Primarily applied in compounding and extrusion processes, continuous on-line blending offers flexible, efficient, and highly accurate proportioning of all ingredients directly at the extruder inlet in both flood-fed and starve-fed applications.
Unlike batch blending, continuous blending necessarily involves proportioning all components in one way or another, whether introduced as a single, dedicated ingredient (resin, filler, etc.), as a composite masterbatch pellet (pre-proportioned minor components in a resin carrier), or the downstream introduction of another recipe component through the extruder barrel).
Illustrated here is a typical continuous on-line blending configuration.
In this approach several gravimetric feeders (usually loss-in-weight) are clustered above the extruder inlet to simultaneously introduce ingredients, each at a rate determined by its assigned proportion of total blend throughput. Although more sophisticated in concept (by dynamically proportioning on the basis of feed rate, not statically on the basis of discrete weighments), continuous blending offers more significant advantages and on-going savings potential in suited applications.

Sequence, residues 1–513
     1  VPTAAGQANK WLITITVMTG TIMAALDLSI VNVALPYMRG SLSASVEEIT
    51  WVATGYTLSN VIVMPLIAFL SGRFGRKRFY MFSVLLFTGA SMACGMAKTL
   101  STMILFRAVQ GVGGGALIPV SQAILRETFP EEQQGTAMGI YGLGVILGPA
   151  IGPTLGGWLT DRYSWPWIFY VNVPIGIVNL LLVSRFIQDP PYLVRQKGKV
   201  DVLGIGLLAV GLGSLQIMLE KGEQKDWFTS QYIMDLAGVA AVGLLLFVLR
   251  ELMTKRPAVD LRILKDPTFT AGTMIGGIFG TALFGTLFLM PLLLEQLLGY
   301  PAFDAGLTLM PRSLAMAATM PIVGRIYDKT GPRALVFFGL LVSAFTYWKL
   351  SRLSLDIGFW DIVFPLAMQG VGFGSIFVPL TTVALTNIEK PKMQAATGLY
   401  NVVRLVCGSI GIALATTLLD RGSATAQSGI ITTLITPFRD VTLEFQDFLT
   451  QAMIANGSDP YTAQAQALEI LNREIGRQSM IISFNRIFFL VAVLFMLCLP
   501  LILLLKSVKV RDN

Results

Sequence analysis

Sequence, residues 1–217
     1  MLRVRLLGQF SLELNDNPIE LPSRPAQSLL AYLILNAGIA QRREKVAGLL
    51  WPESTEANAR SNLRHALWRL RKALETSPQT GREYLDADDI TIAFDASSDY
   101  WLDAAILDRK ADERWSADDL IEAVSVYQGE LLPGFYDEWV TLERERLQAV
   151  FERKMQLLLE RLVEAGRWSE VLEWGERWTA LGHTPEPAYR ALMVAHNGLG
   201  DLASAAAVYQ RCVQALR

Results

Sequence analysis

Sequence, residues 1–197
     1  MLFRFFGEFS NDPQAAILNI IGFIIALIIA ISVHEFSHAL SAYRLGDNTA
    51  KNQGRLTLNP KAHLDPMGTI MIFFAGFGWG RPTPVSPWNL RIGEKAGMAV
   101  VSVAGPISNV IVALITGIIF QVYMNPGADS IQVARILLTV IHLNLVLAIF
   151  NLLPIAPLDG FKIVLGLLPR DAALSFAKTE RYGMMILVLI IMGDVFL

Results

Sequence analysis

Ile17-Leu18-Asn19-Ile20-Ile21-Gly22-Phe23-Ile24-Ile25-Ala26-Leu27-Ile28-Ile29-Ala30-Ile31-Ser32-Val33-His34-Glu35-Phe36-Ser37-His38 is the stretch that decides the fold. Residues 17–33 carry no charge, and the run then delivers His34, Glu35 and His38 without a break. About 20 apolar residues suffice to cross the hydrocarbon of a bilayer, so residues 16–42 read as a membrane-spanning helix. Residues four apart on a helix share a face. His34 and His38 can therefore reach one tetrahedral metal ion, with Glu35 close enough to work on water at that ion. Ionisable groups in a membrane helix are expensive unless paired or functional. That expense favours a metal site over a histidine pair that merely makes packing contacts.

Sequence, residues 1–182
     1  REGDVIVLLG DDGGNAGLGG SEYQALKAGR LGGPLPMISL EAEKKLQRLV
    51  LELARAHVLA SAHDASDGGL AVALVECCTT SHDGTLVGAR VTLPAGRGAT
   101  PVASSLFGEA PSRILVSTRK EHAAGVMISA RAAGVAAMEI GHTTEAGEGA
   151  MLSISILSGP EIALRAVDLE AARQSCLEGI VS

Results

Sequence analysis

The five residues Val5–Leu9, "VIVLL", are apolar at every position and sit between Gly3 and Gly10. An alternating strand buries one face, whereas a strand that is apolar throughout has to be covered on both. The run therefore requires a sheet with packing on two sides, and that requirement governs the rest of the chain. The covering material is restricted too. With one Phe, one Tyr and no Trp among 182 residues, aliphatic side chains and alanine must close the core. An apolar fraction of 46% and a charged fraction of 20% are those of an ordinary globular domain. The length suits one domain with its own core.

Advantages, Limitations and Considerations
- Offers the flexibility of ‘on-demand’ proportioning and the economy of ‘just-in-time’ blending
- Independent, ingredient-by-ingredient feed rate control
- Avoids ingredient layering of sequential batch blending approach
- Dynamic (flow rate) proportioning at extruder eliminates need for mixing prior to extrusion
- No opportunity for segregation between blending and extrusion
- Eliminates batch blending’s need for separate storage and transport systems for pre-blend
- Compared to batch blending, relatively higher initial equipment cost due to dedicated gravimetric feed rate control for each ingredient
- Timescale of extruder throughput demands excellent short-term feeding performance